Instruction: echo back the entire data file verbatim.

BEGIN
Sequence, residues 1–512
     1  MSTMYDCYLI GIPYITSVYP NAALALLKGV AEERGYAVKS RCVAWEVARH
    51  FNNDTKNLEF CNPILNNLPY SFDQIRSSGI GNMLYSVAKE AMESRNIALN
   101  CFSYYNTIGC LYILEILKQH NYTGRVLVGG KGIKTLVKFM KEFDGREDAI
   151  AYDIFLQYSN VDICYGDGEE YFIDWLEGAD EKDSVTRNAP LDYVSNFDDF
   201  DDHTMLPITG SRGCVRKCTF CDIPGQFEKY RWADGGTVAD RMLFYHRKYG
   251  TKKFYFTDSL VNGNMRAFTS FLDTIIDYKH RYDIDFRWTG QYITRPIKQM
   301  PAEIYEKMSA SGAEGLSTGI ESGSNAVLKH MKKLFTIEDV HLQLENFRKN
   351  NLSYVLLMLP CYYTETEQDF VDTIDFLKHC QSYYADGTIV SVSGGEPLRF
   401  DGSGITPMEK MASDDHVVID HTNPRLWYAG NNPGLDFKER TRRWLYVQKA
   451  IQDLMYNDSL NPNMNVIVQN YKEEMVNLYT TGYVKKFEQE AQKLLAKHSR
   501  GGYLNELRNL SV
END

Sequence, residues 1–512
     1  MSTMYDCYLI GIPYITSVYP NAALALLKGV AEERGYAVKS RCVAWEVARH
    51  FNNDTKNLEF CNPILNNLPY SFDQIRSSGI GNMLYSVAKE AMESRNIALN
   101  CFSYYNTIGC LYILEILKQH NYTGRVLVGG KGIKTLVKFM KEFDGREDAI
   151  AYDIFLQYSN VDICYGDGEE YFIDWLEGAD EKDSVTRNAP LDYVSNFDDF
   201  DDHTMLPITG SRGCVRKCTF CDIPGQFEKY RWADGGTVAD RMLFYHRKYG
   251  TKKFYFTDSL VNGNMRAFTS FLDTIIDYKH RYDIDFRWTG QYITRPIKQM
   301  PAEIYEKMSA SGAEGLSTGI ESGSNAVLKH MKKLFTIEDV HLQLENFRKN
   351  NLSYVLLMLP CYYTETEQDF VDTIDFLKHC QSYYADGTIV SVSGGEPLRF
   401  DGSGITPMEK MASDDHVVID HTNPRLWYAG NNPGLDFKER TRRWLYVQKA
   451  IQDLMYNDSL NPNMNVIVQN YKEEMVNLYT TGYVKKFEQE AQKLLAKHSR
   501  GGYLNELRNL SV